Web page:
The downstream activities of the NNPC are divided into three aspects namely:

  • RETAIL SERVICES: This is driven by the NNPC Retail. This subsidiary operates through 37 Mega filling stations, 12 floating mega stations and over 500 affiliate stations across the length and breadth of Nigeria. They commenced activities in August 2002 with the first retail outlet opened in Lagos. Its establishment was a strategic move to serve as a vehicle of direct government intervention in the retail sector during periods of emergency and supply interruptions. It is also expected to serve as a benchmark or standard bearer for the retail aspect of the downstream sector and an outlet for the NNPC to operate in a deregulated environment
  • PRODUCT DISTRIBUTION: This arm of the NNPC is driven by the Pipelines and Products Marketing Company (PPMC) earlier mentioned. It is responsible for ensuring that petroleum products are easily sourced throughout the country, at a uniform price. It receives crude oil through a division of the NNPC known as National Petroleum Investments Management Services (NAPIMS). This division is overseeing the government’s investment in exploration and production companies operating in the upstream sector. It supervises the Joint Venture activities of the Joint Venture partners and markets the government’s share of crude oil produced. It also engages in direct exploration services in new oil fields relinquished or new oil fields that have been explored. The PPMC takes the crude received and supplies it to the four refineries owned by NNPC. Where the production of the refineries is not enough to meet local needs, which is usually the case, the PPMC undertakes the importation of refined oil products supplement local production.

  • RESEARCH & DEVELOPMENT: This aspect is handled by the NNPC Research & Development (R & D). It was established in 1977 to solve the operational and technical problems of the oil and gas industry through the application of the results of scientific research and the development of technology. It services both the upstream and downstream sector, its capabilities include collaborative research services with national oil companies, the Organization of Petroleum Exporting Countries (OPEC), and independent oil companies. It also offers technical services to oil & gas companies such as process simulation studies, troubleshooting of plants operational problems, new products development in fuels and petrochemicals, catalysts characterization, toxicological studies, air monitoring of virgin industrial areas, amongst others.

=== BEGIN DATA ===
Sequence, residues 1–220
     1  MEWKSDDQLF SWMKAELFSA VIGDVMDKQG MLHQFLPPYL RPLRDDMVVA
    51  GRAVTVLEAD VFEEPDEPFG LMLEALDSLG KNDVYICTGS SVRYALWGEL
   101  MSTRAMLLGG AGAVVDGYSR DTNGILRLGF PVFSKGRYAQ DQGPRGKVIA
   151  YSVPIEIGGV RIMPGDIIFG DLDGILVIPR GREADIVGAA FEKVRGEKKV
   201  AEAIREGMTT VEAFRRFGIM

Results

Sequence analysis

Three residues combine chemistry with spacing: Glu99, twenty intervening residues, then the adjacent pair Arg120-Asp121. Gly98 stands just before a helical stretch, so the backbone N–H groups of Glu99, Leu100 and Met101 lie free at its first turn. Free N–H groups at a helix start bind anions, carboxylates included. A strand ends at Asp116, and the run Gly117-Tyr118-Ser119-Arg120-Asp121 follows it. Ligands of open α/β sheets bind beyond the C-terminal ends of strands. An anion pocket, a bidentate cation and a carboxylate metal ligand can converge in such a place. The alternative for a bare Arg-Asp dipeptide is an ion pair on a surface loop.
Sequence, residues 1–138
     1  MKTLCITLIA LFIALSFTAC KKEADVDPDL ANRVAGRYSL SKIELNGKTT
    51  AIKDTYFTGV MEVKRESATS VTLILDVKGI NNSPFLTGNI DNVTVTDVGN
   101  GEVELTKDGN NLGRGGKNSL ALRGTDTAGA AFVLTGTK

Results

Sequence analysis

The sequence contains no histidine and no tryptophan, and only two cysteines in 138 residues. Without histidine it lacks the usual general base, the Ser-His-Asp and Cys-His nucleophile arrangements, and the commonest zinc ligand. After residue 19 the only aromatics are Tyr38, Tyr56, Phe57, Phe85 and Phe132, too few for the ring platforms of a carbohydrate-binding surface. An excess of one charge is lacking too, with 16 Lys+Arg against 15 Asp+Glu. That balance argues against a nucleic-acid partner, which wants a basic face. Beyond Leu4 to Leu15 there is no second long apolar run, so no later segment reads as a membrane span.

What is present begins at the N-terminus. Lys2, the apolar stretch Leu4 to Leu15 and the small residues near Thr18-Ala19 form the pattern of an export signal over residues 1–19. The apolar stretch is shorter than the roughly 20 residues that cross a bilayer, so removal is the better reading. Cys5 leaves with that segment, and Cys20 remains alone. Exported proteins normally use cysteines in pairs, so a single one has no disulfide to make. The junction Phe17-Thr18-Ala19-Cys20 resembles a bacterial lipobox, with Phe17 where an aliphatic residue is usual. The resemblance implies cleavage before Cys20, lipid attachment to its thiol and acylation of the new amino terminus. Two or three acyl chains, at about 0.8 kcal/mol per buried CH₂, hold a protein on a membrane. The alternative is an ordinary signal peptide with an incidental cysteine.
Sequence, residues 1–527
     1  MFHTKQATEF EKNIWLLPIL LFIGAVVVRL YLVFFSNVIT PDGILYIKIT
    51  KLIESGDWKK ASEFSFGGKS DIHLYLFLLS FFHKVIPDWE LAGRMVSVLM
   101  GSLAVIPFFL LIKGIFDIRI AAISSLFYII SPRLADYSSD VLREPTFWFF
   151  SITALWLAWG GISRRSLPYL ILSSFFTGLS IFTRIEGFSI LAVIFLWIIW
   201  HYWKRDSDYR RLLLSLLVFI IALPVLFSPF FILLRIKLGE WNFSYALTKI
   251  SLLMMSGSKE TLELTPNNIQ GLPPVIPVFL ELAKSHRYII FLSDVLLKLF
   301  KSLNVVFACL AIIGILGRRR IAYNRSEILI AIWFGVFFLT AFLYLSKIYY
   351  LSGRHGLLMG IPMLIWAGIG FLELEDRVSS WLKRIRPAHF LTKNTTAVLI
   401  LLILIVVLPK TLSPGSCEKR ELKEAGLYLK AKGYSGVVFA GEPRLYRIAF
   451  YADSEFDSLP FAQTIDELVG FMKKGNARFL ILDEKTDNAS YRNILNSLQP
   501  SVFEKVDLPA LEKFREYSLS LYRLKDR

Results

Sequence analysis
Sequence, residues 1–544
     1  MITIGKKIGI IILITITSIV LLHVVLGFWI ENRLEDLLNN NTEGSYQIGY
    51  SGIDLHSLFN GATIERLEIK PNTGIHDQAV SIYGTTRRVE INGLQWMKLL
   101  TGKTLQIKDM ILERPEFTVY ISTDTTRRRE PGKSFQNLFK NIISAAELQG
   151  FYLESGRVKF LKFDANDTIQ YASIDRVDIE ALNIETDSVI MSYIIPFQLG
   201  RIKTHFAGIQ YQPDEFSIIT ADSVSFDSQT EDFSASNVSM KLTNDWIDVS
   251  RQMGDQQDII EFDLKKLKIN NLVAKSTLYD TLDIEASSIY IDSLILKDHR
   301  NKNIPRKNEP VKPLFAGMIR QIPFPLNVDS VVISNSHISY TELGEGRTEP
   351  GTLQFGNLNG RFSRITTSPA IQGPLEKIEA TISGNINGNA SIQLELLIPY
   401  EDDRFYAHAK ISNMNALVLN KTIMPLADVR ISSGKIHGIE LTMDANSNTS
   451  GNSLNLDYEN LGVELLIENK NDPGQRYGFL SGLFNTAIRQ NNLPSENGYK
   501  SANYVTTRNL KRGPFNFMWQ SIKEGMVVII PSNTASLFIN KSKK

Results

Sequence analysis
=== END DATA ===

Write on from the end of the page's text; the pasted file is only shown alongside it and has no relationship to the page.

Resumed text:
Some of the major challenges plaguing the downstream sector of the oil and gas industry are as follows:

  • THE SUBSIDY REGIME: Initially designed with the intent to reduce the landing cost imported refined products in Nigeria, its humongous cost and administrative burden has made it more of a curse than a blessing. Its negative effects are far-reaching and as such will be discussed in subheadings, namely, the macroeconomic, the environmental, and social implications
  • Macroeconomic Implications: Oil subsidies create economic distortions that make it difficult to access the true health of the economy by creating false impression of the cost of goods produced with the refined products, or the goods that rely on refined oil products to be produced. This inability to gain a clear picture of the state of an economy serves as a disincentive to foreign investment which Nigeria badly needs.

Subsidies constitute an unprofitable drain on public funds that could have been applied in sectors with a greater impact on the quality of living of the average Nigerian, such as education, health, or transportation. According to Tell Magazine of 2012, the sum of N245 billion was budgeted for subsidies, but over N2.5 trillion was disbursed as subsidy payments. Out of this amount, over N1 trillion was paid to sham or non-existing companies that obtained contracts to import fuel but never imported anything.

Subsidies make refined oil products in Nigeria cheaper in comparison to prices available in neighbouring African countries. This has over the years created a profitable black market in the cross-border smuggling of Nigeria’s oil products to countries where they can be sold at the prevailing rates for a high profit margin. The result is that a deficit in local oil supply, the government has to import and distribute at a subsidised rate to cover the gap. In sum, the more we spend on subsidies, the more we keep spending. It is a vicious circle of subsidization with no positive results.

  • Environmental Implications: Subsidies make fuel products relatively cheap, thus creating an incentive for unchecked consumption, leading to higher carbon emission rates and global warming. Because the fuel is more affordable, it leads to increase in vehicular movement, higher road damage and road accidents.